|Cover artist||William Mercer|
|Media type||Print (hardcover)|
|LC Class||LB2351.2 .S72 2002|
The Gatekeepers: Inside the Admissions Process of a Premier College is a 2002 nonfiction book written by education reporter Jacques Steinberg that examines the inner workings of the admissions committee at Wesleyan University. The book expands upon a series of articles Steinberg wrote in the New York Times. Steinberg follows six college applicants through the admissions process. The book covers issues such as affirmative action, recruiting, standardized testing and the significance of the SATs.
The Gatekeepers was not a best-seller. It received both negative and positive reviews.
Beth Provinse, in the Journal of College Admissions, criticized Steinberg for focusing on one school, which she said did not reflect "the current realities of college admission." She argued that in contrast to Wesleyan's admissions practices, many colleges emphasize a numbers approach in evaluating a candidate. She cited the University of Michigan's highly publicized point system as an example.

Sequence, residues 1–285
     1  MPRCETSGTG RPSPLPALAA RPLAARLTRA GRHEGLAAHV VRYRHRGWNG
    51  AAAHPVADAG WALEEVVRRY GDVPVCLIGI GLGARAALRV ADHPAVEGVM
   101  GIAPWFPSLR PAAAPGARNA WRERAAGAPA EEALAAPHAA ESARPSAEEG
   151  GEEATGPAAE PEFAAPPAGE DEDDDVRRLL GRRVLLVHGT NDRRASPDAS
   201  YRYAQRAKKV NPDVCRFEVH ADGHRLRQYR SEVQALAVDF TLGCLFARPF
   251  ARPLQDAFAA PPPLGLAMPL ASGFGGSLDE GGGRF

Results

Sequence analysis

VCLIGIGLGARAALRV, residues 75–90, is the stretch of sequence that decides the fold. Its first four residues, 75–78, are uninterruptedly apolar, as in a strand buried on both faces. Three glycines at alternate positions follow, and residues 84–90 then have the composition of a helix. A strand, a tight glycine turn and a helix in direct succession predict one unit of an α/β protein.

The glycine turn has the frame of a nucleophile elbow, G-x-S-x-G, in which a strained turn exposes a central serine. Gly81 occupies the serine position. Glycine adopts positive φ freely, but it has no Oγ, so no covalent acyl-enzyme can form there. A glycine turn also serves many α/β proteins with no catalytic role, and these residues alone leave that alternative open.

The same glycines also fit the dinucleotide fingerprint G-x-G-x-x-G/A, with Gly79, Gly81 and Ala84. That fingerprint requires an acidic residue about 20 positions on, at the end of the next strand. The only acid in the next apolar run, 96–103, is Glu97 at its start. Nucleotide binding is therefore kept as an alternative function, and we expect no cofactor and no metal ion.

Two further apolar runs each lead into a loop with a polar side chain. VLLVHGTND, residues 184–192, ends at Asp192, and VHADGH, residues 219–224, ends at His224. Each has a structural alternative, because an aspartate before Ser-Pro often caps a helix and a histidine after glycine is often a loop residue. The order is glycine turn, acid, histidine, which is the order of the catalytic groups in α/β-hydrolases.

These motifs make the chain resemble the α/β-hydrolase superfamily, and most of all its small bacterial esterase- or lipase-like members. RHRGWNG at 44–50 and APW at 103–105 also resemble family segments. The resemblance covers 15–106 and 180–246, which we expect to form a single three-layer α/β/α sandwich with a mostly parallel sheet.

Shannon Bloomstran of The Book Reporter, said it was a "fascinating peek behind the curtain" and said that before reading she "really had no idea of the extent of agony and debate that takes place in the admissions offices of these highly selective schools."
- "THE GATEKEEPERS: Inside the Admissions Process of a Premier College". Publishers Weekly. Retrieved 13 March 2013.
- "The Gatekeepers By Jacques Steinberg (Review)". Harvard Education Review. Summer 2004. Retrieved 13 March 2013.
- Beth Provinse. Journal of College Admissions, Summer 2003. Issue 180. pg. 30
- Bloomstran, Shannon. "Review".
- Edward B. Fiske
- Bundris, John. "In 'Gatekeepers,' a real-life peek behind closed doors of college admissions offices".